Rustic Roasted Applesauce

For me, receiving fruit in a CSA basket is the equivalent of getting a king size candy bar during trick-or-treat at age 10: so special. That's why when organic apples appeared in our veggie box two weeks in a row, I hoarded them away like a greedy squirrel and started searching for a recipe to honor these rosy, perfectly imperfect gems.

local apples

The farmer's newsletter said he wasn't sure what variety these apples were, but that they were organic and therefore slightly blemished, but mighty tasty. A mystery apple! Joy! Their flavor was tart but not pucker-inducing, the flesh was firm and robustly textured, they were generously juicy, and perfect for making applesauce. 

This recipe hails from the infamous Zuni Café Cookbook by Judy Rodgers.  I borrowed it from the library after seeing several of my favorite cooks and bloggers site it as one of their must-haves. So far it hasn't disappointed.  This applesauce is nothing like the kind that comes in a jar at the supermarket.  It is at once chunky and silky, and absolutely sings with apple flavor.  My mouth is watering as I write this and so are my eyes because my apples and the sauce I made from them are long gone.  I ate it plain, also in oatmeal and swirled with plain yogurt and cinnamon.  I loved every bite. If you have any apples hanging around, you betta' make this applesauce toot sweet.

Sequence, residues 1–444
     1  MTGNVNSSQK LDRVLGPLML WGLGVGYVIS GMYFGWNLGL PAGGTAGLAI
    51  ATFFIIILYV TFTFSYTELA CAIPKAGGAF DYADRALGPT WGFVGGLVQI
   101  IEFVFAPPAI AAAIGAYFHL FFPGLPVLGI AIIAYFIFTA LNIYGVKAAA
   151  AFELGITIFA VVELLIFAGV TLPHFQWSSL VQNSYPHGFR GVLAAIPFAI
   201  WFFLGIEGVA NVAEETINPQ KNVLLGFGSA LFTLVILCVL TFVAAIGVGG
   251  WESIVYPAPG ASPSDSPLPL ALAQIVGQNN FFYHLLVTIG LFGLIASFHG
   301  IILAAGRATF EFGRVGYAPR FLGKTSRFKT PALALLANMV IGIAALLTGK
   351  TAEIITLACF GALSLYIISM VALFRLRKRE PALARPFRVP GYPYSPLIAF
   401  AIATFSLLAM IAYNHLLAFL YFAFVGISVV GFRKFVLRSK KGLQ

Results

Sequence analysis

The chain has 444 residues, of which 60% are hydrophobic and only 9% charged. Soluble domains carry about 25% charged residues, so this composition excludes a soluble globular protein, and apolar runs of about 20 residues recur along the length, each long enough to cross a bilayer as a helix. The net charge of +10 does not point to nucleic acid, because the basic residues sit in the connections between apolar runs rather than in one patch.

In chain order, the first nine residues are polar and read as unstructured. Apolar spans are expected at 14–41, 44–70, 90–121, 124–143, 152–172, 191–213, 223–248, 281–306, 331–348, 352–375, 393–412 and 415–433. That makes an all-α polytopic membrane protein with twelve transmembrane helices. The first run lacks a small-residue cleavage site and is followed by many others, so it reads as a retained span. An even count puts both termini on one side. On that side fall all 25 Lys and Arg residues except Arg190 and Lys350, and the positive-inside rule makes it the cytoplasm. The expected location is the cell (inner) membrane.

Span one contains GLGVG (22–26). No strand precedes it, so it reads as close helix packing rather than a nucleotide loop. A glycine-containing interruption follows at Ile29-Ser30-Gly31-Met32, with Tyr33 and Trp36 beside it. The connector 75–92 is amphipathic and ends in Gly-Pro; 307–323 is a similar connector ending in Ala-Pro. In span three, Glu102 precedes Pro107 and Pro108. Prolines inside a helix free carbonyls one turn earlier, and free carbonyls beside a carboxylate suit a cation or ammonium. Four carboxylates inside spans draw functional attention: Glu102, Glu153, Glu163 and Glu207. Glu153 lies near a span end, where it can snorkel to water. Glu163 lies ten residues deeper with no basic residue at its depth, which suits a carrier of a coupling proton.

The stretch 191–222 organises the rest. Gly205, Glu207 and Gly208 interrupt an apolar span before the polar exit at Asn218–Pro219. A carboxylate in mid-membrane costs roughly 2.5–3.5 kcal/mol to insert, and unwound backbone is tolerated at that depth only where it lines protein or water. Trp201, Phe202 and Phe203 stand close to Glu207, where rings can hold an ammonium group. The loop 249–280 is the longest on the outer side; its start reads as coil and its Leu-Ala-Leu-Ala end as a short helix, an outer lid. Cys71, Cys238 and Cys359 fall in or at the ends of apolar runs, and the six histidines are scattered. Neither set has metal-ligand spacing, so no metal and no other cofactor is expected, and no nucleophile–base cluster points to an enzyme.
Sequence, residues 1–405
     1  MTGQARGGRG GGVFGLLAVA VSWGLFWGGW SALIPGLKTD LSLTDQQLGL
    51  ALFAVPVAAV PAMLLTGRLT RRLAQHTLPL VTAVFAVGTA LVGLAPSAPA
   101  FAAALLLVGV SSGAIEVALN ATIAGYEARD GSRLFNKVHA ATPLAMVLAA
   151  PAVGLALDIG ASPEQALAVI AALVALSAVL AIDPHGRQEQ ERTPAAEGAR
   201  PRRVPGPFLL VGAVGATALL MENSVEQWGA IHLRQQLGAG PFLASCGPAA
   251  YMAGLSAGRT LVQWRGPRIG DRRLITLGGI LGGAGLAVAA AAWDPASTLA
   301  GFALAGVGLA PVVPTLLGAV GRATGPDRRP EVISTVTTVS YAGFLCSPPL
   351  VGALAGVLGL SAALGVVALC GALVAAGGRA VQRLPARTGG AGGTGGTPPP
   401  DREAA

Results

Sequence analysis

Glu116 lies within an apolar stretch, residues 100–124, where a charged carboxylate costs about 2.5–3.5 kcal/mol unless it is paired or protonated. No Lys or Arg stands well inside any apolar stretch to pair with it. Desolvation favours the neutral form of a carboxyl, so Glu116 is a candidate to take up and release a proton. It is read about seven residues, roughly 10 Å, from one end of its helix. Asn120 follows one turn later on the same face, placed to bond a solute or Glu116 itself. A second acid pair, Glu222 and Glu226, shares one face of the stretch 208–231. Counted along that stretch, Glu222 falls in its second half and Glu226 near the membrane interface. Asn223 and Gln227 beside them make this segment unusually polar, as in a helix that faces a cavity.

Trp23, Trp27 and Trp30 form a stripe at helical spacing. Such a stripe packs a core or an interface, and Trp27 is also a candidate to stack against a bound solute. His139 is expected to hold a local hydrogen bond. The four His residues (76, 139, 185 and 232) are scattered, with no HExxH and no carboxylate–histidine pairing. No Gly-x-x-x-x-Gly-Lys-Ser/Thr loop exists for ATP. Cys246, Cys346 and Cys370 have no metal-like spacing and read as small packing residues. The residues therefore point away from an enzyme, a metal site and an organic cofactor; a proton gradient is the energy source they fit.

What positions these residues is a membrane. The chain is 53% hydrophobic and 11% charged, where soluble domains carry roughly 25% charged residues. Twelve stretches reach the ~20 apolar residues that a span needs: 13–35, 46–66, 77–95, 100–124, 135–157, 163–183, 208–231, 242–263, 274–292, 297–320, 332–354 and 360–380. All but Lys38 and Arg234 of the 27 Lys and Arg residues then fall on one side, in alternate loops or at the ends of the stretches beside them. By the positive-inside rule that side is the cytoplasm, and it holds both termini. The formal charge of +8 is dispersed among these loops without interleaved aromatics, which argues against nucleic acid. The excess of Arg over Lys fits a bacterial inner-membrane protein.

Recipe note: If you don't have 4 pounds of apples, scale the recipe back and adjust ingredients accordingly.  It's still worth it to make a small batch.  The sugar is pretty minimal, letting the apples' flavor shine and making it a versatile sauce for serving with anything from ice cream to pork chops. 

rustic roasted applesauce |

Rustic Roasted Applesauce

adapted slightly from the Zuni Café Cookbook
makes about 3 cups


  • 4 pounds apples, peeled, cored and cut into 1-inch chunks
  • Up to 1 Tbsp of sugar, depending on the sweetness of you apples
  • 1 tsp salt
  • 2 Tbsp unsalted butter
  • 1 tsp apple cider vinegar


Roasted apples
  1. Preheat the oven to 375 degrees F.
  2. Place the apple chunks in a 9 x 13 glass baking dish and sprinkle with sugar and salt, toss to coat. 
  3. Shave butter into thin slices and "drape" over the apples (cookbook wording, beautiful).
  4. Cover the pan tightly with foil and bake until the apples begin to soften slightly, 15-20 minutes. Remove apples from the oven and carefully uncover the pan. 
  5. Raise the heat to 500 F and return apples to the oven.  Roast until the apples begin to turn golden brown on their edges, about 10 minutes.
  6. Let the apples cool slightly, then slide them into a bowl and mash them with the back of a wooden spoon until you have smooth, yet chunky sauce,  Taste the sauce and season with more salt and sugar to your taste.
  7. Add the apple cider vinegar to brighten the flavor if desired. (Judy Rodger's advice: try a drop of cider vinegar on a spoonful of the applesauce first to see if you'll like it.)
  8. Store in a jar in the fridge for up to a week.
rustic roasted applesauce |